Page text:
In case this isn’t clear to you because you aren’t working on the sheet: think about if you knew the start time and stop time for a 360 mile trip that started at 2pm and ended a 8pm. Would you have confidence that at 4pm you were traveling around 60 mph? I’d say probably not. You could be stopping for gas or an early dinner, you might not be on a highway, whatever. But you don’t really have a good sense of what’s going on at any given moment between 2pm and 8pm. But if I said that if you had a 1 mile trip that started at 2pm and ended at 2:01pm, you might start to have more confidence that at around 2pm you were going about 60 mph. You wouldn’t be certain, but your gut would tell you that you might feel more confident in that estimate than in the first scenario. And finally if I said that you had a 0.2 mile trip that started at 2pm and ended at 2:01:02pm, you would feel more confident that you were going around 72mph at 2pm.
And here’s the key… Why does your confidence in the prediction you made (using the average rate of change) increase as your time interval decreases? What is the logic behind that intuition?
And almost all groups were hitting on the key point… that as your time interval goes down, the car has less time to fluctuate its speed dramatically. In six hours, a car can change up it’s speed a lot. But in a second, it is less likely to change up it’s speed a lot. Is it certain that it won’t? Absolutely not. You never have total certainty. But you are more confident in your predictions.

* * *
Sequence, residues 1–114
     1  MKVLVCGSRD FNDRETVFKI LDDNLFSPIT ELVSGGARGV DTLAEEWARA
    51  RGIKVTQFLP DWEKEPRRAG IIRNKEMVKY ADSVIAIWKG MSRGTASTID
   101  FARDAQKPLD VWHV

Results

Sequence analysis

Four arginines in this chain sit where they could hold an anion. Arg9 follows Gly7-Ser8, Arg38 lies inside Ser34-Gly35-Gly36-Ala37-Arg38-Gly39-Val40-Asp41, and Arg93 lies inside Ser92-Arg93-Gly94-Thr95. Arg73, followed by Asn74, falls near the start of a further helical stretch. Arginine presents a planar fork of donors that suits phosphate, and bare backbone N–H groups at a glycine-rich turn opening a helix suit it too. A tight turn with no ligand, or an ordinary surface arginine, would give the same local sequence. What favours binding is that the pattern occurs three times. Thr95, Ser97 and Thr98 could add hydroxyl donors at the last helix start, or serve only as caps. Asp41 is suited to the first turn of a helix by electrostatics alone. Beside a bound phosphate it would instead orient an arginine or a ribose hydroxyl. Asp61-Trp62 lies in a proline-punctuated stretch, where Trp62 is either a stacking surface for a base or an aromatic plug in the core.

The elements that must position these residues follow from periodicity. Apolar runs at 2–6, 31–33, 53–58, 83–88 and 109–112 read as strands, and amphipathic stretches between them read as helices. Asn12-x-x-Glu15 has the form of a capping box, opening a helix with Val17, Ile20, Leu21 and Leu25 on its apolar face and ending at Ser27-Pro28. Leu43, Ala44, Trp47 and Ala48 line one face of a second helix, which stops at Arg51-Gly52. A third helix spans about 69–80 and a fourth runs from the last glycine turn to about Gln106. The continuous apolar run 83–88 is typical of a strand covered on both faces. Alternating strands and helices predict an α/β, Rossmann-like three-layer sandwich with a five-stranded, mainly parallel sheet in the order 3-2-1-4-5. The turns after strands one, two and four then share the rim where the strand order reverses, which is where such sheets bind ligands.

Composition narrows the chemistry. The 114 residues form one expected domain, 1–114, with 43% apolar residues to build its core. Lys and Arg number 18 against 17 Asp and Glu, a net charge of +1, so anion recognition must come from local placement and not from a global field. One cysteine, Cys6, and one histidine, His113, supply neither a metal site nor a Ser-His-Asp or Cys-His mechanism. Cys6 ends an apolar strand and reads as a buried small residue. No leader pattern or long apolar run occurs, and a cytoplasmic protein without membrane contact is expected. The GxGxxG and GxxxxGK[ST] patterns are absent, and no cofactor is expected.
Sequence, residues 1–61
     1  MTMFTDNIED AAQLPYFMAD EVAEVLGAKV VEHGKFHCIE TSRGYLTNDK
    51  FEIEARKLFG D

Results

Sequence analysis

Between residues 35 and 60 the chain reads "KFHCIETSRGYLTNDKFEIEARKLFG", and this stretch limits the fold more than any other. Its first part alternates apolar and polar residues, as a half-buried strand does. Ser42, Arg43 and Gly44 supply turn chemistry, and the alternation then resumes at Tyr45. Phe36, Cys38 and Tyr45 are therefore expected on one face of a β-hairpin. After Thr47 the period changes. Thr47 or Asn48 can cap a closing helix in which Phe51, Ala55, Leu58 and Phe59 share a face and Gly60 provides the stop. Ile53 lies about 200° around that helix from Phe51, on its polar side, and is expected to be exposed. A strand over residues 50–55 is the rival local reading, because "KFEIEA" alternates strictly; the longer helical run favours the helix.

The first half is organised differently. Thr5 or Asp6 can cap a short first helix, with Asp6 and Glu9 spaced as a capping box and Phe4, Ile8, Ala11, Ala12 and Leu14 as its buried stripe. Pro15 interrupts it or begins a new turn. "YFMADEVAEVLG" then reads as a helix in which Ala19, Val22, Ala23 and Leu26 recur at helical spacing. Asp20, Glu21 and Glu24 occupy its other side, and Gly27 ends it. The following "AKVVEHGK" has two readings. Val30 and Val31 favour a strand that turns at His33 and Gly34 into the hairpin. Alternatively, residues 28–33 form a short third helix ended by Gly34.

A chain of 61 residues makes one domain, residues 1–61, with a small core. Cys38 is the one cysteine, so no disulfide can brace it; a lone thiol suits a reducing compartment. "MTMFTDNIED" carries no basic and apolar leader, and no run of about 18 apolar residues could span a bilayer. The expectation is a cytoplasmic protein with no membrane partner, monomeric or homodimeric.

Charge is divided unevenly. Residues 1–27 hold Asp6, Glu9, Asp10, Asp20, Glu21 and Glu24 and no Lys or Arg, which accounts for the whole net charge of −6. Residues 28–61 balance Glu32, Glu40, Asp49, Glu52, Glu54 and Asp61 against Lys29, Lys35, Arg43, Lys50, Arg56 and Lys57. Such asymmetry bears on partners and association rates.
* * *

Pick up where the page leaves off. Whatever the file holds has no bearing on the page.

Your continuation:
Conclusion: You gain more certainty about how fast the car is moving at a particular moment in time as you reduce the time interval you use to estimate it.
The more general mathematical conclusion: If you are estimating a rate of change of a function (for the general nice functions we deal with in calculus), if you decrease a time interval enough, the function will look less like a squiggly mess changing around a lot, and more and more like a line. Or another way to think about it: if you zoom into a function at a particular point enough, it will stop looking like a squiggly mess and more and more like a line. Thus your estimation is more accurate, because you are estimating how fast something is going when it’s graph is almost exactly a line (indicating a constant rate of change) rather than a squiggly mess.